Basic Meat & Veg Soup You Can Riff On

It’s raining here today – it doesn’t actually NEVER rain in Southern California… 😉 – so SOUP! This is a super basic recipe for tasty soup that you can riff on in any number of ways, but at minimum, you want:

– some kind of allium (stuff from the onion/garlic family) for savory flavor,

– a little bit of tomato product (whether that be fresh, canned, paste, or even ketchup) to add depth and complexity to the flavor, and if you don’t put too much, it doesn’t really taste all that tangy or tomato-ey if you don’t like that kind of thing

– some meat cut into small pieces (for me, preferably with some fat on them) for protein and richness, and in which case, you don’t need to use stock for your liquid because that flavor gets coaxed out of the meat and fat

And then whatever other veg you choose. I like carrots as a default because they add heft and sweetness. Potatoes are a great way to add starch and body.

Celery or bell pepper are good to compound the savory, but they are also pretty personal choices. A lot of people really dislike one or both because they have such distinct flavors.

8 cups of liquid with this amount of solids makes for a pretty soupy soup, but then it gives you room to add more veg, meat, or other starches like rice or pasta without making it too thick. Remember that if you add rice or pasta, they take time to cook and both expand exponentially, so you’ll want to be judicious with the amounts. See steps for more tips. 🙂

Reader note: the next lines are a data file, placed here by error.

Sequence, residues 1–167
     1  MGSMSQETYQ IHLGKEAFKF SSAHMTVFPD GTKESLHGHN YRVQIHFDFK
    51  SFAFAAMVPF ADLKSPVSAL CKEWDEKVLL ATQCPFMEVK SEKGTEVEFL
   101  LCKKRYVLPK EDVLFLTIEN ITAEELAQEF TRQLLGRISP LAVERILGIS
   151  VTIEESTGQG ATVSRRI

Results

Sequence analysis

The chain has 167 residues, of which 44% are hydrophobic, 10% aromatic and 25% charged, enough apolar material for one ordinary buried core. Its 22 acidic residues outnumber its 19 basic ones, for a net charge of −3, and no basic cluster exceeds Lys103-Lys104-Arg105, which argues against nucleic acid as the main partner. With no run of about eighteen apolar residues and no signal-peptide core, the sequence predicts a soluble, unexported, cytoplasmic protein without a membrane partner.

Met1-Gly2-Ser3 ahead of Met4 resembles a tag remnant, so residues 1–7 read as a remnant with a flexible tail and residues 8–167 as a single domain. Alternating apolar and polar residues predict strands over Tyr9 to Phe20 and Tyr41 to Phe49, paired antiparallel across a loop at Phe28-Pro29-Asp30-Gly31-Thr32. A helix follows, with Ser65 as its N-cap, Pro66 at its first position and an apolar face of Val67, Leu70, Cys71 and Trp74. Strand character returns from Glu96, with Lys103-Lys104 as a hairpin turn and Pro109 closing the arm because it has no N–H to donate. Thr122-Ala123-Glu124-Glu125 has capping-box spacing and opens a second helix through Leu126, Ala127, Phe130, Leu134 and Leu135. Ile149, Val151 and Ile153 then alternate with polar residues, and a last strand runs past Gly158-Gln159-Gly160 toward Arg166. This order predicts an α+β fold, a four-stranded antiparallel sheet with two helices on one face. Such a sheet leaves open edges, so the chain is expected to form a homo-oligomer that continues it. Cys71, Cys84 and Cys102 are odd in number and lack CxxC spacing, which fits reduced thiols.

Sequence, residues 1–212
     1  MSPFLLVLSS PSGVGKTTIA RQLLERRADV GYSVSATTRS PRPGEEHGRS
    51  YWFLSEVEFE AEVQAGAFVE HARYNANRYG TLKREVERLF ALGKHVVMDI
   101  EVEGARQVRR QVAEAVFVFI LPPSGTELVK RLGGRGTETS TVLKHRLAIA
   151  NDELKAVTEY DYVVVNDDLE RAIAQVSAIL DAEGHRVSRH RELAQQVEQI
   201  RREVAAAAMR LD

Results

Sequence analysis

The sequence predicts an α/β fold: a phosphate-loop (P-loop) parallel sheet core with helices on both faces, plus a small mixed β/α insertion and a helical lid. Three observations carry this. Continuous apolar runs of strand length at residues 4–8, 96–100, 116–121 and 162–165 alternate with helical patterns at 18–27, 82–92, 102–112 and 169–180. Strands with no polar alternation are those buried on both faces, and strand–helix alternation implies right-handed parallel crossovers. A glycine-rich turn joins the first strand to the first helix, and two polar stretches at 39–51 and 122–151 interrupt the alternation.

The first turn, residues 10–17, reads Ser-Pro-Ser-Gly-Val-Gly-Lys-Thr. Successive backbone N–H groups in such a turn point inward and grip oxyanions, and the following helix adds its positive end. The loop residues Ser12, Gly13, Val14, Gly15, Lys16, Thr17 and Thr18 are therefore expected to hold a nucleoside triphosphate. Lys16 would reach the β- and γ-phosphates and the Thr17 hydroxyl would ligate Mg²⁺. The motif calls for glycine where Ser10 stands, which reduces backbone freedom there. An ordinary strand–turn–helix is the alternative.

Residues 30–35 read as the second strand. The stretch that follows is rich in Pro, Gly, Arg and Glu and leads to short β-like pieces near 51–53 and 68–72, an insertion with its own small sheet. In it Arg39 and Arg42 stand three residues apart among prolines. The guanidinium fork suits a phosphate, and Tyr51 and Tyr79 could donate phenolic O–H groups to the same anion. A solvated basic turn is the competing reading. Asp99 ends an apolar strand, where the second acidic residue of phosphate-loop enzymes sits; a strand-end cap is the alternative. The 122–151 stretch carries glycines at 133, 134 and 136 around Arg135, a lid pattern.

1. 1.5 pounds meat (chicken, pork, or beef, preferably with some fat on it) cut into 1-inch pieces. I used pork today
  2. 8 cups water
  3. 1 large onion, peeled and diced into 1/2 inch pieces
  4. 5 medium carrots, peeled and cut into 1/2-inch thick disks
  5. 1/2-1 cup canned tomatoes (crushed, diced, sauced, pureed are all fine)
  6. 1 Tablespoon + 1 teaspoon salt
  7. 4 medium potatoes, peeled and cut into 1-inch cubes
  8. Other veg, spices, and starches as you like. See last step for some variations


  1. In a large pot, add meat and water, turn on heat to medium high and cook, covered, for about 20 minutes. Meat takes longer to cook to tenderness than veg does, so you want to give it a head start.

    When the meat has come to a boil for two or three minutes, you might like to skim the scum (just loose proteins and other particulate stuff from the meat rising to the surface). You don’t have to, but it looks better.

  2. Turn the heat down to medium low and add carrots and onions.

  3. Then add tomatoes and salt, give it a few gentle stirs, cover, and simmer for another 15 minutes.

    This is a good step to add your optional herbs and spices. (See last step for suggestions.)

  4. Add potatoes, cover, and simmer another 20 minutes or so.

    If you want to add a maybe 3/4 cups of white rice or a cup of pasta for more starch and body, this would be a good time to add it. You’ll probably also want to add 1/4 to 1/2 teaspoon more salt.

  5. Looks super basic, but it’s pretty tasty! I like to garnish with a little green onion and fresh herbs


    For something Minestrone-ish, you could add another cup of tomatoes, 1 Tablespoon of Italian herbs, a can of beans, and a little pasta.

    For Tortilla soup-ish flavor, you could add 2 teaspoons cumin, 1 Tablespoon oregano, 1 bay leaf, half a bell pepper chopped, some chopped cilantro, and a few good squeezes of fresh lime.


    If you like kale, you can just throw a bag of it in Step 2 of the process (kale takes a while to get tender). Add a package of Italian sausage either cut or pulled into bite sized pieces, a cup of cream, and 1 teaspoon of garlic powder in Step 3 and it’ll remind you of Zuppa Toscana.

    Enjoy! 🙂

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